- Now, the UK’s Big Lottery Fund, which was created by Parliament in 2006, disburses money raised through the sale of lottery tickets in the country. Through the Big Lottery Fund (now known as the National Lottery Community Fund) and a smaller program, Awards for All, various charities, community groups and schools can apply for grants to support local projects. The criteria are very broad and identify eligible projects as those that will improve life chances, build stronger communities and more active citizens, improve rural and urban environments and contribute to healthier communities (National Lottery Community Fund 2020). In their strategic framework, they note: “We value the diversity of communities we work with across the UK, are consistent in the quality of opportunities we offer, and support people to tackle inequalities” (Ibid). A number of ethnic groups have received funding through this program (Kahn 2006; see all previous grants awarded since 2004 in National Lottery Community Fund 2020b).
- Other granting programs require organizations to meet specific criteria, which are typically related to the delivery of programs that meet established government criteria. For example, in 2009, the government created a two-year program, called the Tackling Race Inequalities Fund, which provided grants to eligible organizations whose programming relates to the promotion of race equality and redress of disadvantage (Khor and Carlisle 2011). In order to qualify for funding, groups had to meet specific criteria and deliver programs that meet the objectives set by the government.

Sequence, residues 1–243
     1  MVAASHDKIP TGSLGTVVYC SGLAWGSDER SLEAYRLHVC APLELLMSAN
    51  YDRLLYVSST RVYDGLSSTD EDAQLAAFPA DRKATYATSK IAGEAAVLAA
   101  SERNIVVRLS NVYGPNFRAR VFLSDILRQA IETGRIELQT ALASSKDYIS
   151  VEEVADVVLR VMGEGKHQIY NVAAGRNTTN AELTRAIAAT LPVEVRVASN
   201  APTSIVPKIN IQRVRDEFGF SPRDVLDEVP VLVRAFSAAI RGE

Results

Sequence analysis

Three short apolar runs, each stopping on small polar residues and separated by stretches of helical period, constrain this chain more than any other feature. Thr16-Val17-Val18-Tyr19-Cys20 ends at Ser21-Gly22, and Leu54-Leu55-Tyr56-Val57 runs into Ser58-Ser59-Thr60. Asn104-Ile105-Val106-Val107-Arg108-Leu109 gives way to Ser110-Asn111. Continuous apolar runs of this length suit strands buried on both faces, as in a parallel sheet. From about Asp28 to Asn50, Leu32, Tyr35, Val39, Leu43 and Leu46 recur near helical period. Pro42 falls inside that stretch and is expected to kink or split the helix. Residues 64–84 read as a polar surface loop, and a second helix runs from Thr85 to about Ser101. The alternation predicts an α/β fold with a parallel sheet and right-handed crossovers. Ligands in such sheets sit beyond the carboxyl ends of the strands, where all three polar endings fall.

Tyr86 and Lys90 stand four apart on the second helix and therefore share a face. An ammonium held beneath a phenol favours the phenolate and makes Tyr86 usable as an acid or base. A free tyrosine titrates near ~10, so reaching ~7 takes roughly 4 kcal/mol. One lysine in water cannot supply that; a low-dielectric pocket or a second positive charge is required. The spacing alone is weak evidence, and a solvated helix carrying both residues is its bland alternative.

7. THE FUNDING OF BILINGUAL EDUCATION OR MOTHER TONGUE INSTRUCTION
Some in recent years.
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- Afro-Caribbean and Muslim schools that were initially set up as separate schools in the 1970s and 1980s were not concerned with offering mother tongue education (Wei 2006, 77).
- The school system in the UK has been characterized as “predominantly monolingual and unicultural” (Wei 2006, 82). Although complementary schools do exist, these receive minimal—if any—government support (Creese et al. 2006). Indeed, as Wei (2006, 78) points out, most complementary schools—whether based on language, culture, or religion—“were set up in response to the failure of the mainstream education system to meet the needs of the ethnic minority children and their communities—a fact that is often deliberately ignored by various UK governments.” She notes further that the Conservative government, under Margaret Thatcher, “used the success of the Chinese community schools to argue that ethnic minorities were better off with ‘self-reliance’ and cut back already limited funding in the local education authorities’ budgets for bilingual classroom assistants. Complementary schools and classes were further marginalised as a result” (Wei 2006, 78).